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BREACH, a new attack on SSL that targets HTTP compression, has recently been publicly announced. The emerging advice for how to defend against BREACH seems to be: turn off HTTP compression.

So, how do I turn off HTTP compression? What changes do I need to make to my Apache configuration? Do I need to make any changes to browsers, too?

(While I'm here, are there any other resources suggesting what changes should be made on other web servers, like Microsoft IIS?)

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migrated from security.stackexchange.com Aug 3 '13 at 3:36

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up vote 6 down vote accepted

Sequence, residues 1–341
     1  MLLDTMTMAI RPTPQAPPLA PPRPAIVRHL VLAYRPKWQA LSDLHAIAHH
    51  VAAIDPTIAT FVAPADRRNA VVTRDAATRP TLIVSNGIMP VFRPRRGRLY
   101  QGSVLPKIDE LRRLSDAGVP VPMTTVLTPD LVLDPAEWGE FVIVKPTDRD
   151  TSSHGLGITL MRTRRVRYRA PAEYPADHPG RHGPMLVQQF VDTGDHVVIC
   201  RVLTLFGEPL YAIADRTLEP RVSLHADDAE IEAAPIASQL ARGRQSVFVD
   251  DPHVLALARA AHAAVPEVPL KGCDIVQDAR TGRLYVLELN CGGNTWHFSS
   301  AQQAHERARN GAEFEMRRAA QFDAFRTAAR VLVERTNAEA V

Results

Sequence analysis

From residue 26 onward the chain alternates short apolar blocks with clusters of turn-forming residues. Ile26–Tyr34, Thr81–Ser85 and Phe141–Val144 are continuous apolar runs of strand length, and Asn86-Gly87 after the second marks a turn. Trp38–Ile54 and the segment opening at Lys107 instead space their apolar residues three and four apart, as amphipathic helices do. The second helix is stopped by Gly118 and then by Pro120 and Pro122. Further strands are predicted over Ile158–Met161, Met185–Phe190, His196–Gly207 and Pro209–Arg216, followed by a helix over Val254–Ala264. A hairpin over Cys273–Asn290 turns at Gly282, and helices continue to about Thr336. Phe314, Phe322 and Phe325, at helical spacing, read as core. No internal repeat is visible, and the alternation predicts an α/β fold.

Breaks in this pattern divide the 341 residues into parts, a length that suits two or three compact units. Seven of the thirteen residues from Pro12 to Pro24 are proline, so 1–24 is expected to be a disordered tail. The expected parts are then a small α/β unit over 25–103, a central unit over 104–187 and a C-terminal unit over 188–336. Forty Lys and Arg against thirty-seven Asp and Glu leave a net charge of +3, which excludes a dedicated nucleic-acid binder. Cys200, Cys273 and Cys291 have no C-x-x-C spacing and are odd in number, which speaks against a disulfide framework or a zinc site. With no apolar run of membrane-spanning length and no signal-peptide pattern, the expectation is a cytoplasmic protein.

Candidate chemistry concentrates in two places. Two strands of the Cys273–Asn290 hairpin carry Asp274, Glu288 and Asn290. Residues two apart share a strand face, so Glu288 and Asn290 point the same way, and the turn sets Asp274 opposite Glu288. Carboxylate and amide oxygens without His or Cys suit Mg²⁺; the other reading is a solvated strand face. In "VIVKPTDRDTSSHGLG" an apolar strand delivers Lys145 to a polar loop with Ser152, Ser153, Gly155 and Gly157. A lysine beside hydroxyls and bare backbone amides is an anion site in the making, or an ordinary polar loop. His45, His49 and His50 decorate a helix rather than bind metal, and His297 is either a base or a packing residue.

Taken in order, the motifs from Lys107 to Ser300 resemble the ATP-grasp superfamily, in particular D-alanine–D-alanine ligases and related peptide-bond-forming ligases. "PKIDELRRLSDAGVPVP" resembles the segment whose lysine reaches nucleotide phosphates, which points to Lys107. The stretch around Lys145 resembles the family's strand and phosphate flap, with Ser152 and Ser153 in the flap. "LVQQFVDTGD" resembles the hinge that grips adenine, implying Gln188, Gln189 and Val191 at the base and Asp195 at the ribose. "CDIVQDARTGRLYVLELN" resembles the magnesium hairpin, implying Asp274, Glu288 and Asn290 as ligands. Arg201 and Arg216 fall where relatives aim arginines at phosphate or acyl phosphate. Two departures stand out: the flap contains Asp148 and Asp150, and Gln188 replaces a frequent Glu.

Apache compression is handled by mod_deflate. Just don't load or enable the module and Apache won't apply HTTP compression. Other compression (such as done within PHP) may be a bit more complicated, but BREACH deals specificly with mod_deflate-style compression.

There is also mod_gzip, which is much less popular.

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Don't just switch to gzip; you can be sure this attack will be adapted quickly enough. –  Michael Hampton Aug 3 '13 at 16:18
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@MichaelHampton The point wasn't switch to mod_gzip, but rather also disable mod_gzip. –  tylerl Aug 3 '13 at 18:59
    
Note that if you serve both secure and non-secure content (whether this is a good practice is a different discussion, but I digress), this will disable compression for all content, which may not be what you want. –  Moshe Katz Aug 8 '13 at 0:38

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